Preparing for Tax Day, which was yesterday, brings up a lot of questions in any household: Where did I leave my W-2? Should we itemize our deductions? Why didn't we hire someone to take care of this, anyway?
Presumably fewer people contemplate a more personal question: What if I were married? (Or single?) Yet marital status can have a major impact on the taxes you pay, as the New York Times blog The Upshot illustrated yesterday using data from the Center on Budget and Policy Priorities and the Tax Foundation. Whether being married means higher or lower taxes depends on your household's total earnings, how the earnings are split between partners, and how many kids you have, as the two below charts show.
Single-earner married couples and dual-earner ones with very unequal incomes tend to benefit from being married, while dual-earner couples with comparable incomes can pay a penalty of more than 7 percent of their income. Is that fair? It depends on what you want to prioritize. Upshot's Amanda Cox explains:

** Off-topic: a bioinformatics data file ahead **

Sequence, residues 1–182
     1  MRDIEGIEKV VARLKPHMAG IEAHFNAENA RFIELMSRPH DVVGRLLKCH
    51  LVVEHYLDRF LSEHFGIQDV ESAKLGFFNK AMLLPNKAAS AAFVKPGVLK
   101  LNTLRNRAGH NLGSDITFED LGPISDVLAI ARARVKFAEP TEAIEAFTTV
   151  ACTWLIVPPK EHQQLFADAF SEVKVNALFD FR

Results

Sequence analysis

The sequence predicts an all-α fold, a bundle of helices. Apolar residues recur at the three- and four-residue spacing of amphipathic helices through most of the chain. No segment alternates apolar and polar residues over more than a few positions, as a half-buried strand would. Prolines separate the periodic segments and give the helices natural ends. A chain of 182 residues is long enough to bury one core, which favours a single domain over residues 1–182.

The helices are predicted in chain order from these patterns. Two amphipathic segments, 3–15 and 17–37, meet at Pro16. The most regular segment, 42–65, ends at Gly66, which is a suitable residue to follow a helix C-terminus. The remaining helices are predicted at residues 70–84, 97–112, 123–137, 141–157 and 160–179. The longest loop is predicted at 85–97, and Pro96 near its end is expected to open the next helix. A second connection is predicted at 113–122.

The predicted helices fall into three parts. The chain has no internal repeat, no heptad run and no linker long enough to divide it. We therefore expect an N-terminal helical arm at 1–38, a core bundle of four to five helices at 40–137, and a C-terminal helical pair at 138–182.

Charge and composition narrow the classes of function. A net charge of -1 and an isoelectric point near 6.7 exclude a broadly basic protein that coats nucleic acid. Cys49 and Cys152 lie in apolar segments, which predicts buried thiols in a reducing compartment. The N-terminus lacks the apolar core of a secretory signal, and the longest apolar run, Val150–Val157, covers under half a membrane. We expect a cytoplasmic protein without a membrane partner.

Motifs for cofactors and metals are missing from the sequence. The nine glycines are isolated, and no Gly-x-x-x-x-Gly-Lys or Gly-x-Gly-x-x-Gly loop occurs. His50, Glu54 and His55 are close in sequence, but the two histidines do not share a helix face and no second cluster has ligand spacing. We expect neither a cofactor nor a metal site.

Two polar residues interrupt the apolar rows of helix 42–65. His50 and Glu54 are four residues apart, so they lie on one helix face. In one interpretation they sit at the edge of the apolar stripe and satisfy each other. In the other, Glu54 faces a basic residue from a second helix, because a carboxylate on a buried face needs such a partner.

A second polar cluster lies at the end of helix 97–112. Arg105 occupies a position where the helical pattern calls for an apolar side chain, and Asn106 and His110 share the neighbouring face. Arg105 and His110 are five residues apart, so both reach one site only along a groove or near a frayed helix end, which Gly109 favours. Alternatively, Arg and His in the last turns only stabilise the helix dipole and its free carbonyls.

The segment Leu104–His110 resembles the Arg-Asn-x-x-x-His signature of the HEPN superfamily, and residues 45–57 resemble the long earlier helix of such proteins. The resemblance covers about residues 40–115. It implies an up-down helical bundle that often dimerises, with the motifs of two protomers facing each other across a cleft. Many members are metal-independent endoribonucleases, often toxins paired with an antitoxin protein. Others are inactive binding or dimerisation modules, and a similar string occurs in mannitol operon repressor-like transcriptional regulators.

When countries design their tax systems, they have to make some choices. Here are three possible goals:
Higher-income people pay higher tax rates than lower-income people.
Married couples who earn the same amount of money pay the same amount in taxes, no matter who earns the money.
Taxes don’t depend on whether couples are married.
It’s not possible to achieve all three goals at the same time. Most wealthy countries give up on the second goal, favoring couples with two earners over couples with only one. The United States gives up on the third.
Few people will pity the dual-earner couples earning more than $100,000 and paying a penalty for being married. But at a time when lower-earning couples are struggling to get by and less likely than ever to be reaping the benefits of marriage for themselves and their children, more should be done to ensure that the tax and welfare system doesn't punish them for tying the knot.